China Confirms Milk Complaints Began in 2007Sep 25, 2008 | Parker Waichman LLP
Another Tainted Food Scandal In China
In the midst of yet another tainted food scandal in China, it has been revealed that one of China’s largest dairy producers received consumer complaints about its baby milk formula as early as December 2007. This is much earlier than previously thought and 10 months prior to the producer ordering a nationwide recall over concerns its formula was sullied with melamine, a toxic industrial chemical. The disclosure was made in a government report made public by China’s official Xinhua News Agency and is yet another indication that Sanlu Group, the dairy producer at the epicenter of this massive scandal, repeatedly attempted to hide information about its contaminated supplies. Although the report did not specify the nature or number of complaints, it did place the timing at significantly earlier than when first reported.
Melamine-Tainted Milk Killed Three Children
The melamine-tainted powdered milk formula has sickened over 53,000 infants and killed three children nationwide, according to the Health Ministry. The illnesses and deaths led to recalls of Chinese-made dairy products in China and other parts of Asia, which has devastated China’s huge dairy industry and has added to ongoing concerns about the quality of food and consumer products made in China.
Earlier this month, government investigators reported that Sanlu officials delayed acting on consumer complaints and warnings as far back as June, and that local government officials in Hebei were aware of the problems in early August; Sanlu did not announce the nationwide recall until September. The Fonterra Group of New Zealand—one of the world’s biggest dairy exporters and with a 43 percent stake in Sanlu—said it urged its Chinese partner to announce a recall in August, but company and local government officials refused, waiting until the illnesses and deaths became impossible to ignore. Food safety experts say the delays may have allowed tainted supplies to sicken tens of thousands of children.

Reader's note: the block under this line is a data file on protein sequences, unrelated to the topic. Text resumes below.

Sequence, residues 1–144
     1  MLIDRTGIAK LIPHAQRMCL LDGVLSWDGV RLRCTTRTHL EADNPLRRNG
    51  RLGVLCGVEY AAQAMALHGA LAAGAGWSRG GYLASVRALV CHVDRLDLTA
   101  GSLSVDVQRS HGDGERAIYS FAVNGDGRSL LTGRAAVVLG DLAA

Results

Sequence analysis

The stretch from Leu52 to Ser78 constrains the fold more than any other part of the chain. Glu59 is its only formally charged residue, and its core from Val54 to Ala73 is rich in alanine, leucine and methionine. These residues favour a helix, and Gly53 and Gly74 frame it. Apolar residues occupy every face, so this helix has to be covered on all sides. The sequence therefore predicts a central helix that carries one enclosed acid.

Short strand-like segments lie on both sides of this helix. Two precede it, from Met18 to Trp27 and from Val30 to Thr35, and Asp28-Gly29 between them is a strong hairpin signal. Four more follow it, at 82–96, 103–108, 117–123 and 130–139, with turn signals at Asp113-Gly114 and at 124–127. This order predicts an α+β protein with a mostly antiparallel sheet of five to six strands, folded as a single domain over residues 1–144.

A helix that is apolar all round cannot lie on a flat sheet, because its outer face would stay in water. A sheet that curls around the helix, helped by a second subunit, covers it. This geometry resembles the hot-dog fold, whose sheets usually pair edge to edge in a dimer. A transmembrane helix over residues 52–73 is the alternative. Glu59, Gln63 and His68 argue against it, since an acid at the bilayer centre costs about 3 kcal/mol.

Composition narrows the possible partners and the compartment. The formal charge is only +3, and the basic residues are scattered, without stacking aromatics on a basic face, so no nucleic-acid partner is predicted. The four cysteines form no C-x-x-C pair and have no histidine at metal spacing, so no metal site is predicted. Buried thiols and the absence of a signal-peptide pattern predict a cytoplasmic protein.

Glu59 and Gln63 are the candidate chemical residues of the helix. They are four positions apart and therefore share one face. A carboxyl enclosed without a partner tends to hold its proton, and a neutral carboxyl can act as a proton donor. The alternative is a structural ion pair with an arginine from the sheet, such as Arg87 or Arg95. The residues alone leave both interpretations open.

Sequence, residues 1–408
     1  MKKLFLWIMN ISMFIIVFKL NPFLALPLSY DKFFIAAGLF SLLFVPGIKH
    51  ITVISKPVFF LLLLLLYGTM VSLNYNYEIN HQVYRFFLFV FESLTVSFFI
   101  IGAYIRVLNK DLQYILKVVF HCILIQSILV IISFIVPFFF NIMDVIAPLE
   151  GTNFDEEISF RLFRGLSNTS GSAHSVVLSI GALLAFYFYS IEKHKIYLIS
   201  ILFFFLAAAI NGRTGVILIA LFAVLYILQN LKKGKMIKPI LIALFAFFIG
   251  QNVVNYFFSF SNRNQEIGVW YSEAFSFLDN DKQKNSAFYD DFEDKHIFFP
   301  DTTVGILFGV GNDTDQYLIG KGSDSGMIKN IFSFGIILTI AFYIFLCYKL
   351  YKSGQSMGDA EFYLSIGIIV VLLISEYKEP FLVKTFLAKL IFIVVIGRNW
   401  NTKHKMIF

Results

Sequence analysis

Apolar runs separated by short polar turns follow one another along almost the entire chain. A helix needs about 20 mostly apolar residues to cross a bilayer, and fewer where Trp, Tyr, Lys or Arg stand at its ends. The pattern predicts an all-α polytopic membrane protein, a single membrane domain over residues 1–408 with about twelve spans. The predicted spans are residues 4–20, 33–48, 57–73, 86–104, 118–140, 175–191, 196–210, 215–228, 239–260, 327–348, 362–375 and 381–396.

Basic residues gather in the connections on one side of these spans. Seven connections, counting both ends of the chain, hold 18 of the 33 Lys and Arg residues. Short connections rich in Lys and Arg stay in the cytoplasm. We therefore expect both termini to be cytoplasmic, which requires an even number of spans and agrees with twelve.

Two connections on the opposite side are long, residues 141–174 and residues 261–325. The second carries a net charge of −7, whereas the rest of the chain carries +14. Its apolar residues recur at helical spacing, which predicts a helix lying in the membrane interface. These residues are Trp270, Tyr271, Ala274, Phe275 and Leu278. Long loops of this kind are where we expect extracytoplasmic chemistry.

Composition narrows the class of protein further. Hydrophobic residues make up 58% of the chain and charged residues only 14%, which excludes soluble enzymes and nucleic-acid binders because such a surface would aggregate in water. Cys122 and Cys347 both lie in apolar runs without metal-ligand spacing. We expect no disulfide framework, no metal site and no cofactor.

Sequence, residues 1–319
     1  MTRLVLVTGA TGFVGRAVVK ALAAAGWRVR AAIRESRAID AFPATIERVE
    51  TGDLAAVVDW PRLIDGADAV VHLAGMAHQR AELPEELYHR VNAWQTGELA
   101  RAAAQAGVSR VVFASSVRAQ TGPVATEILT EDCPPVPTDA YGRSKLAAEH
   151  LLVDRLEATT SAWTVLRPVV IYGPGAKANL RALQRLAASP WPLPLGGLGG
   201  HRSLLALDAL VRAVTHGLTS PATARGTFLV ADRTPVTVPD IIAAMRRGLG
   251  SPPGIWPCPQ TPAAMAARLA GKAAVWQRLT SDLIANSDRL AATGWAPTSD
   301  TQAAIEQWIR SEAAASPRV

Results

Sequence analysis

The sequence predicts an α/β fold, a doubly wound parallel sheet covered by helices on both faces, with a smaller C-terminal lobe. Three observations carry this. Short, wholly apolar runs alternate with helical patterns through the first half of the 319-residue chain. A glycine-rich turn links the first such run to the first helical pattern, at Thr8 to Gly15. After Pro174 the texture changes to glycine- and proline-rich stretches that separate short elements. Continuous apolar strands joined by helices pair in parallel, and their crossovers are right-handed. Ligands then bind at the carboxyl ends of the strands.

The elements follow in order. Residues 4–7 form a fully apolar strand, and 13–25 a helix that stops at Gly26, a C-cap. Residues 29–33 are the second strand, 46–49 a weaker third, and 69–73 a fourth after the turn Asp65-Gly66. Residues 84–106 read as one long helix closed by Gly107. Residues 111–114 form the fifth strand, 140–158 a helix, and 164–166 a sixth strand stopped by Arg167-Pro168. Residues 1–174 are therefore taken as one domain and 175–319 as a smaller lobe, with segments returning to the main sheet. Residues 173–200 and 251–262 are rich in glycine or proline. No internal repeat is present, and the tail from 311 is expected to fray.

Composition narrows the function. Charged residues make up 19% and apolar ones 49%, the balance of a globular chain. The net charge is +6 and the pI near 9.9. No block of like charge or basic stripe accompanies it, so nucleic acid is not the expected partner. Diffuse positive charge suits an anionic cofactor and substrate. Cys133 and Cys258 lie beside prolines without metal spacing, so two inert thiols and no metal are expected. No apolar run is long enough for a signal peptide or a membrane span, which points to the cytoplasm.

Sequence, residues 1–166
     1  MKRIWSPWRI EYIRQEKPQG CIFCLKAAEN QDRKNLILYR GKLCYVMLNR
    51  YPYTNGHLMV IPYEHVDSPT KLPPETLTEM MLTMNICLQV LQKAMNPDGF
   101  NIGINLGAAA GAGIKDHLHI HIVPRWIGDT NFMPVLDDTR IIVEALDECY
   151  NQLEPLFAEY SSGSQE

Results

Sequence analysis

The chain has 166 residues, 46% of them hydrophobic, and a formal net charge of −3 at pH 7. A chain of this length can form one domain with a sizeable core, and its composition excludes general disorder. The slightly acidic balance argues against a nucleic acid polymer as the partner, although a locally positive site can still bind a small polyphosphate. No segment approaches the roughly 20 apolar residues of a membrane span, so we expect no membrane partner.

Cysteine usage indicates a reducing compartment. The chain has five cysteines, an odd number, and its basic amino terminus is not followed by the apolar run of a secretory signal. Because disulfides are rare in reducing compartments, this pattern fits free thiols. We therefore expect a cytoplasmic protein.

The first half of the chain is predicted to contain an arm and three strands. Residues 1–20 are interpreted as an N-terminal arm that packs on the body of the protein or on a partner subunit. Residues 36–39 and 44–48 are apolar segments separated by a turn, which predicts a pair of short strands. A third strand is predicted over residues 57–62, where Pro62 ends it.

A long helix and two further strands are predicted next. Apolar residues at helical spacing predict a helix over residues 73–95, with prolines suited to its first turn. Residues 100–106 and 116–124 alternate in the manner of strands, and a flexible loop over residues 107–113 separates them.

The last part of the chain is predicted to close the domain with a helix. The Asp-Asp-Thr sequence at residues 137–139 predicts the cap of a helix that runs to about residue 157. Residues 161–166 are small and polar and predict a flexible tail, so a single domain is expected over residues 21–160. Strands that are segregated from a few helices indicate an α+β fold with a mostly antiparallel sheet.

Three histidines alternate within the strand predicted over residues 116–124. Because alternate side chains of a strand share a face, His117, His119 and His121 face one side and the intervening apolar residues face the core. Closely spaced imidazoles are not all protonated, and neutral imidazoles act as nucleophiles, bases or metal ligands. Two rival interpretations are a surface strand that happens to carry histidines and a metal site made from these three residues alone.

The timing is suspicious and the delays have led to broad speculation that Sanlu and some government officials covered up the problem while the Olympics were ongoing in Beijing and aslo urged Chinese journalists and companies not to release the negative news during the world event. But, now, the problem has spun out of control with hundreds of parents rushing to hospitals, groceries removing dairy products from shelves, and farmers discarding milk supplies. Prior to this, the Chinese dairy industry had experienced decade-long growth, due in part to the government’s initiative prompting the Chinese to drink more milk.
Concerns over melamine—a chemical used in the production of plastics, fertilizer, and fire retardants—led to the government unearthing proof that products made by 21 other dairy producers, including some very popular brands in that country, were also melamine tainted.
Now, this week, the head of the nation’s quality watchdog, the chairwoman of the Sanlu, and several government officials from Hebei Province were forced to resign. Over 7,000 tons of dairy products had been removed from store shelves and, according to the Associated Press, China’s Ministry of Agriculture said the nation’s dairy collection system was “out of control,” which made it ripe for unscrupulous businesses to intentionally spike dairy supplies with melamine, which can be used to illegally and artificially inflate protein counts in milk and other foods.
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